Forums - Gaming Discussion - Why do people get upset by OPTIONAL difficult assists?

Intrinsic said:
AngryLittleAlchemist said:
The Souls games are a terrible example of this. The quality of those games is largely reliant on the ability to have fun by getting over difficulty curves. If someone played a Souls game on easy not only would they miss the point of the game largely, but they would probably enjoy it less too. Not every game is for everyone - and one thing that sticks out about the example regarding the Souls games is that it's never a wish of the developers or the fanbase for there to be an easy mode, it's always the wish of people the game was never catering to to begin with. At least with the Nintendo games you gave as an example it is an actual want of the developers to provide player assist.

The other games you listed had no real outrage as to their player assist so I don't really know what you mean? I do know that people would mention how they didn't like using the mode, but then they just wouldn't use it. The most recent example of outrage might be Mario Kart 8 Deluxe, but that was because that game can be quite competitive and allowing an AI to help the player steer can potentially be frustrating for other players. Though, I've never seen anyone actually complain about it's use, just the theory around the idea, and so again on that end there wasn't a big outrage about it.

There are ways around this though. I dont think there is any justification for agame not having difficulty settings And this is coming from someone that selects the hard difficulty on every game I play.

Just award a trophy for finishing the game n the hard difficulty. Maybe even throw in a special ending there too. This way those wanting to experience a game as intended can and those wanting an easier playthrough can also play too. Everyone wins.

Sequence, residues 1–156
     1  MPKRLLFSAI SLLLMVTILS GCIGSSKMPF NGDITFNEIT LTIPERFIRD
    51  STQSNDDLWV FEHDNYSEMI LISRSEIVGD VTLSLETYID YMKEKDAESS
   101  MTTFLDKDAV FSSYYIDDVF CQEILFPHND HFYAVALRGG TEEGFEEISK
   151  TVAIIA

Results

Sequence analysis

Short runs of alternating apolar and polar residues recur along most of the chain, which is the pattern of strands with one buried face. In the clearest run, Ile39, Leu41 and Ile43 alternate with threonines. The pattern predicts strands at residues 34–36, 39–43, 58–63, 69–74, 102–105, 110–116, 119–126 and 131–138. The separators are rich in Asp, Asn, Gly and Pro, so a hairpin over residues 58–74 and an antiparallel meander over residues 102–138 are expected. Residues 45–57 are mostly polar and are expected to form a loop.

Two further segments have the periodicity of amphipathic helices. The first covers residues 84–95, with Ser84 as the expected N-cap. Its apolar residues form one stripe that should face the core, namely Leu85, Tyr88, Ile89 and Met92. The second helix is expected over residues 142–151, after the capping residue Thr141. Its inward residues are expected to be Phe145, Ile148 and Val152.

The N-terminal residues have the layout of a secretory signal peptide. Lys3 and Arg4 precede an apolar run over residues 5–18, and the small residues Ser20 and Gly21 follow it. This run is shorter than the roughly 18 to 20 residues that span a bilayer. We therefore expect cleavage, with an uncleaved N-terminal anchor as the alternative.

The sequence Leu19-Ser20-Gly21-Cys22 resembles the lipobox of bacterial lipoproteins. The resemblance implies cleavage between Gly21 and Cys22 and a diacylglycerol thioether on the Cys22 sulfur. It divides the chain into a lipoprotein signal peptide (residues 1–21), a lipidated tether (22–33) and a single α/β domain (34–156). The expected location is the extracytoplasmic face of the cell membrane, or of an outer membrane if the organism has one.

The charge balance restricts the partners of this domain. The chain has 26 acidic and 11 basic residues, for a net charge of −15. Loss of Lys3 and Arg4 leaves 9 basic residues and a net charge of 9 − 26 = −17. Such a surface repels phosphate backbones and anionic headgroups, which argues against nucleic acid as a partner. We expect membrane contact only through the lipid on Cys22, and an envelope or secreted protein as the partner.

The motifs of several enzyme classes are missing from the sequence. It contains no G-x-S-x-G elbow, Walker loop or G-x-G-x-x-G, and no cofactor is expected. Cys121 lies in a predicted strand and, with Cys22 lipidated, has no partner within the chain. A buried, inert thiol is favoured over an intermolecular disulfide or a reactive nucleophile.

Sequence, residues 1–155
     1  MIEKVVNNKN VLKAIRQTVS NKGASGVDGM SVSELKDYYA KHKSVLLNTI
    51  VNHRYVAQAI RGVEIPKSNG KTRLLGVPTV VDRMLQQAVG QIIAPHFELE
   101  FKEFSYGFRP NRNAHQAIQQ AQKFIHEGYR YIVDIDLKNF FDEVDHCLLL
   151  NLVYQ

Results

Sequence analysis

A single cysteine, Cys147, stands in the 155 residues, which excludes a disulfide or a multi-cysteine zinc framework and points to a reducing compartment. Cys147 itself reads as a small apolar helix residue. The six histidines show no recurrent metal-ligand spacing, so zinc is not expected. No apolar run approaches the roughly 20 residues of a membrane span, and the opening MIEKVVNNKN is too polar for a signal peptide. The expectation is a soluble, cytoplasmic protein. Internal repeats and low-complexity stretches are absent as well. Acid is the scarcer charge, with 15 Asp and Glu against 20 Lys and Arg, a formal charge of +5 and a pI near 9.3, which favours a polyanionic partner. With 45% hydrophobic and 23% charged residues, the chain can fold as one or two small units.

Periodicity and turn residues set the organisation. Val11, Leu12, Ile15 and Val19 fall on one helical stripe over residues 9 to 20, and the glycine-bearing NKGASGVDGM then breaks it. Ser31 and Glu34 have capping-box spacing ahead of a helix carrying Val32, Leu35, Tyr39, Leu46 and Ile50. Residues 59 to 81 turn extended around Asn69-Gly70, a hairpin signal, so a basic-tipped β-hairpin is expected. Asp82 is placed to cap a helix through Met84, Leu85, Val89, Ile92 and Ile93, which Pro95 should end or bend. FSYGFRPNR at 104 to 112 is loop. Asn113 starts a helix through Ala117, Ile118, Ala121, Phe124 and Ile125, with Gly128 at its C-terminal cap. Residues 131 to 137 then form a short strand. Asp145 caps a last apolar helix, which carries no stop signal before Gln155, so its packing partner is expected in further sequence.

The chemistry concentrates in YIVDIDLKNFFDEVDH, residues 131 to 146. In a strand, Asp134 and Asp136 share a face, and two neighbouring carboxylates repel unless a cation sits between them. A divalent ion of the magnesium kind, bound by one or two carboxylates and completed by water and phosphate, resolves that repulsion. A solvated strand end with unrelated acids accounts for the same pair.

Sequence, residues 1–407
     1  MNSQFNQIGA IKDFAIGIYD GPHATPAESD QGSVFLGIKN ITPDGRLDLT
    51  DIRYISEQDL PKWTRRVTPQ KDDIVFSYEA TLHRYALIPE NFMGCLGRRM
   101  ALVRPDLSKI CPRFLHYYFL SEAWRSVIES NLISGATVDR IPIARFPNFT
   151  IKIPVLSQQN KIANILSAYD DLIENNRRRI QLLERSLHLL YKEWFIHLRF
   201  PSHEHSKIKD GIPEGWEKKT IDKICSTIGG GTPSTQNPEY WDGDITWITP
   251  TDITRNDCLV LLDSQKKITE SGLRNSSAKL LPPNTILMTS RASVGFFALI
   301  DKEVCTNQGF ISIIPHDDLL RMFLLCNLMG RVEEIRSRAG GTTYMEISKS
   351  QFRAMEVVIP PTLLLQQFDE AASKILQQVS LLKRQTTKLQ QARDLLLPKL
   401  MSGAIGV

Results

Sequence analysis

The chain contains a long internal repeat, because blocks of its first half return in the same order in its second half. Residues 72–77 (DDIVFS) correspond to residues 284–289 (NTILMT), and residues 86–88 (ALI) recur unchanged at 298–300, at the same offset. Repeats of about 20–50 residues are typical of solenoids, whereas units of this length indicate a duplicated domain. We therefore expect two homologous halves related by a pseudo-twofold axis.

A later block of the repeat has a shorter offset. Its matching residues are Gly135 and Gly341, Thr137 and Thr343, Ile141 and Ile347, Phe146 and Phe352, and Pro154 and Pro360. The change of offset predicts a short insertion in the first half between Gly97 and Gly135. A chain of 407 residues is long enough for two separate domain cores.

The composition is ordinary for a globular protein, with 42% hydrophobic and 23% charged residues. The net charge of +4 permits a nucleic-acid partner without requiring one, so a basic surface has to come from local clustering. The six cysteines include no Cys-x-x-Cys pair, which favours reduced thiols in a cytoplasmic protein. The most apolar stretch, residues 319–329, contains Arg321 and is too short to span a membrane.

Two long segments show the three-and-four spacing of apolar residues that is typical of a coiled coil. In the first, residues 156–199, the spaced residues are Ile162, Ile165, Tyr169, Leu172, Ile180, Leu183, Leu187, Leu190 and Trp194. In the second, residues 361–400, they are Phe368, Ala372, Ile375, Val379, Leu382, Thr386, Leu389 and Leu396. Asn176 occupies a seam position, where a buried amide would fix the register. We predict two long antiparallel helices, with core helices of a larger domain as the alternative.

Take GOW for instance. One of the hardest games to play on Give me God of war (hardest) difficulty and they also made it so that its the one difficulty you can't change mid game. Didn't stop millions from loving the game. 

And they had the very lame "give me a story" difficult that even my 3 year old was able to get over 50% of the game finished already (will probably finish the game with time). Am I bothered by it since I finished on Give me God of War with extreme dedication to do it? Not at all, I love that my son that liked to see me play so much was able to enjoy it himself.



duduspace11 "Well, since we are estimating costs, Pokemon Red/Blue did cost Nintendo about $50m to make back in 1996"

http://gamrconnect.vgchartz.com/post.php?id=8808363

Mr Puggsly: "Hehe, I said good profit. You said big profit. Frankly, not losing money is what I meant by good. Don't get hung up on semantics"

http://gamrconnect.vgchartz.com/post.php?id=9008994

Around the Network
HoloDust said:
Hiku said:

@HoloDust
What you said with the examples you gave makes sense for you. But why do you think people who would enjoy a different and easier experience should just not play the game at all? If the alternative is that they are so discouraged by the original difficulty that they won't play much of the game, isn't it better to let them have another option that they may enjoy? (Even if you or I don't enjoy that easier experience.)

I'm not completely against some sort of difficulty scaling in all games, it's just that I think if there must be some, it should be much, much narrower scale - cause, from my experience at least, wide difficulty scaling inevitably breaks the balancing. So, to answer your question, if game indeed has narrow difficulty scaling (so there is only slightly easier option) and if even then one is not able to  manage it, then that game is simply not for them - and there's nothing wrong with it, there are plenty of games out there.

What I'm completey against is all sort of player aids, especially in RPGs - there almost nothing more game breaking in modern AAA "RPGs" than all sort of handholding devs are putting into them. Again, consequence of what is essentially niche genre going mass market and publishers wanting more sales, thus more audience from outside of core genre.

But what I'm saying is, if there is a significantly easier mode that they end up do enjoying, then the game is for them. Or let's phrase it in another way. It's a game they enjoy. And that's the most important thing about video games.



HoloDust said:
Sorry Curl, but no. I'm actually fairly against difficulty levels, if anything they more often than not break the experience.
Not every game is for everyone, in some things you're good, in some you're just not.
If anything, more games should be like Souls (and most much older games, while we're at it) and have only one diificulty (or at worst very, very narrow leeway) and it's up to player to either figure it out, or look for another game that suits it needs and skills.